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Dual stimulation with bacterial and viral components increases the expression of hepcidin in human monocytes

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journal contribution
posted on 08.04.2022, 15:27 by Delia A. Ripley, Keith Morris, Sarah Maddocks

 Hepcidin belongs to the antimicrobial peptide (AMP) family and is the key regulator of iron metabolism. It modulates iron homeostasis by binding to, and degrading the iron exporter molecule, ferroportin, thus inhibiting cellular iron efflux. Many antimicrobial peptides have a dual function; some are able to act directly as an antimicrobial agent as well as having an immunoregulatory role in the host. Toll-like receptors (TLRs) bind to components of microorganisms, activate cellular signal transduction pathways and stimulate innate immune responses. The effect of TLR3 (poly I:C) and TLR9 (CpG) co-stimulation of THP-1-derived monocytes using purified TLR ligands showed that 24 h after exposure poly I:C and CpG ligands in combination, hepcidin expression was significantly increased (10-fold) when compared to the untreated control. This combination of TLR ligands mimics simultaneous bacterial and viral infections, thus suggesting a potential key role for hepcidin in combined infections. Additionally, using a chequerboard assay, we have shown that hepcidin has an antagonistic effect in combination with the antibiotics rifampicin and tetracycline against Staphylococcus aureus, Pseudomonas aeruginosa and Streptococcus pyogenes, evidenced by a fractional inhibitory concentration index (FICI) > 4. This finding has important implications for future treatment regimens especially in an era of increasing antimicrobial resistance.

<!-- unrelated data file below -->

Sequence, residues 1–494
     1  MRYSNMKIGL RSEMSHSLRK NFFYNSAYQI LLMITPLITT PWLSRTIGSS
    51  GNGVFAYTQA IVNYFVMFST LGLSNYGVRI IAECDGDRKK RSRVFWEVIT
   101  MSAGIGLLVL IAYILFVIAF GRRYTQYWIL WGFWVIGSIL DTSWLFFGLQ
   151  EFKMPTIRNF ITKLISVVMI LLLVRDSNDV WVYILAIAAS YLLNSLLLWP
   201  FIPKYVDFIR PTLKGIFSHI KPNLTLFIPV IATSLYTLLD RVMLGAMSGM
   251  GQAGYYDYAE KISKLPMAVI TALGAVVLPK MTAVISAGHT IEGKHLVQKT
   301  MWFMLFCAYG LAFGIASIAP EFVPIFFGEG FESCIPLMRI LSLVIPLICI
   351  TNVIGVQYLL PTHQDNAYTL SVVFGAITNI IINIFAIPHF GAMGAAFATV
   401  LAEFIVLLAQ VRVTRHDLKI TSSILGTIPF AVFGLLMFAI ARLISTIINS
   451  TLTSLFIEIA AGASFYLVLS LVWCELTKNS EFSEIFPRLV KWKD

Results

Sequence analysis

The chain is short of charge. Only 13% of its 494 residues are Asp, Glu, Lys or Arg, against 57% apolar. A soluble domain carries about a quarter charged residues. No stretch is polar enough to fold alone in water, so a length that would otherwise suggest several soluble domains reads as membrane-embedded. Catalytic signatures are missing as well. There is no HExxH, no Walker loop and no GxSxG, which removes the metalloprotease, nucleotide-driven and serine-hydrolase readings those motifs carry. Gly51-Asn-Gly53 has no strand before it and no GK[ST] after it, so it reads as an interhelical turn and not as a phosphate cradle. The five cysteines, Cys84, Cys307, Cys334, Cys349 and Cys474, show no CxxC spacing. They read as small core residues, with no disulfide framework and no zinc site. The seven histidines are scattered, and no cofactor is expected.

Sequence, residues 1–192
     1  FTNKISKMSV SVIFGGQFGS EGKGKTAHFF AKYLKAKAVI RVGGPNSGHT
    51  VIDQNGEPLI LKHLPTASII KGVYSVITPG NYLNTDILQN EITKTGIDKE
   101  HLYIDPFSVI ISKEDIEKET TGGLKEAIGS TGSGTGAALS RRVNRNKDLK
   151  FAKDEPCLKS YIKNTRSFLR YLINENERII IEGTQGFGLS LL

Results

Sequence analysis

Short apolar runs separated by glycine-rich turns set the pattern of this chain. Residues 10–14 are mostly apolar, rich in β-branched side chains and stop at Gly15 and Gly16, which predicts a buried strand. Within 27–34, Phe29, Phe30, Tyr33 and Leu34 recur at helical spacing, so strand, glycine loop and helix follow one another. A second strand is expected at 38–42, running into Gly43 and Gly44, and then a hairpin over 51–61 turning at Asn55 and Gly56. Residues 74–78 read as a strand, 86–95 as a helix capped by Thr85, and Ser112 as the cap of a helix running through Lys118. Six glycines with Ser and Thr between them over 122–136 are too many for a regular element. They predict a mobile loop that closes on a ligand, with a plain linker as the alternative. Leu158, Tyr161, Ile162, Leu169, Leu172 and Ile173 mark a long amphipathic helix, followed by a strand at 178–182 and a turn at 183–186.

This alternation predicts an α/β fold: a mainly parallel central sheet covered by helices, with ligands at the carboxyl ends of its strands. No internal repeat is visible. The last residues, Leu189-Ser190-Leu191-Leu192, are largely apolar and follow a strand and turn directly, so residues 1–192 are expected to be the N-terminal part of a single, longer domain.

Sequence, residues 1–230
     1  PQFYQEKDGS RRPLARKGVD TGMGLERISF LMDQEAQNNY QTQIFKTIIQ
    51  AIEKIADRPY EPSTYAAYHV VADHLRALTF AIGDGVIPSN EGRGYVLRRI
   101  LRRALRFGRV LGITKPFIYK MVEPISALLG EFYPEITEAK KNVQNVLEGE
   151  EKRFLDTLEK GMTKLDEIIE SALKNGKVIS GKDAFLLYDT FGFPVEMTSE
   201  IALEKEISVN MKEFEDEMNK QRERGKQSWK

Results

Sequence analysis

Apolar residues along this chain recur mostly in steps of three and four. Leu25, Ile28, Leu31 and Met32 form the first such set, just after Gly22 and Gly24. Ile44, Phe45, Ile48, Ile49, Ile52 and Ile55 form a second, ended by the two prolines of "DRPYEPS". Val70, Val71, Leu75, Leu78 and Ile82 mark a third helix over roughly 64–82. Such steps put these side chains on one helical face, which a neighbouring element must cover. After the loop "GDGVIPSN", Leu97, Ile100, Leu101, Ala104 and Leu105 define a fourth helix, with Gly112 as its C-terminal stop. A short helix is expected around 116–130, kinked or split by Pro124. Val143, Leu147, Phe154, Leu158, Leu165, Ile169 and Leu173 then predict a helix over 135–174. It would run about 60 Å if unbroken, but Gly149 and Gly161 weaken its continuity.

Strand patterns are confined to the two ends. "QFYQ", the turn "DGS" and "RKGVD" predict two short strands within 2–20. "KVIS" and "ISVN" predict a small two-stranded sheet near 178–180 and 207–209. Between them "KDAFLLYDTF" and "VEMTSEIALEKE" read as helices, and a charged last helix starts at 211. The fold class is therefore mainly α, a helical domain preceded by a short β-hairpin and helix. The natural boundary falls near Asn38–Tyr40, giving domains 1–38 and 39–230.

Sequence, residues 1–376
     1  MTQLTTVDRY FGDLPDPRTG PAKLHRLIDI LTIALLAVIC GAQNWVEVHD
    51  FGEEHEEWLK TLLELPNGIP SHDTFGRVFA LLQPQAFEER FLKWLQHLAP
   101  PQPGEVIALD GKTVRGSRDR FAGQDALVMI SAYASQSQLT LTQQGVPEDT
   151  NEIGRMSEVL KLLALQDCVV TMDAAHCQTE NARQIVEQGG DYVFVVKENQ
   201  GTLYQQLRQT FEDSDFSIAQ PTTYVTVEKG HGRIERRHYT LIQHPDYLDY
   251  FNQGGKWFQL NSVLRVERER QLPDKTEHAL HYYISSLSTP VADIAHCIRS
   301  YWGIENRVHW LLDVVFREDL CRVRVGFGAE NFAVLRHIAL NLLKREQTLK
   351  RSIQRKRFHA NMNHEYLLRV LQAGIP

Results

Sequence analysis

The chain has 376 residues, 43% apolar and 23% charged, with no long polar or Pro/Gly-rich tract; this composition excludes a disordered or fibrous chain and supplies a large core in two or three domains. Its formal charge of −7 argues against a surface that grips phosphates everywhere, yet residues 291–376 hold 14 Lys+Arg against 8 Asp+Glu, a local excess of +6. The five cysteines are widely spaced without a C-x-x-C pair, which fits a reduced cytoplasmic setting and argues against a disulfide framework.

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FEMS Microbiology Letters




AM (Accepted Manuscript)


Ripley, D. A., Morris, R. H. and Maddocks, S. E. (2014), 'Dual stimulation with bacterial and viral components increases the expression of hepcidin in human monocytes', FEMS Microbiology Letters, 359, pp. 161–165

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Cardiff Met Affiliation

Cardiff School of Sport and Health Sciences

Cardiff Met Authors

Keith Morris Sarah Maddocks

Cardiff Met Research Centre/Group

  • Microbiology & Infection

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© The Publisher



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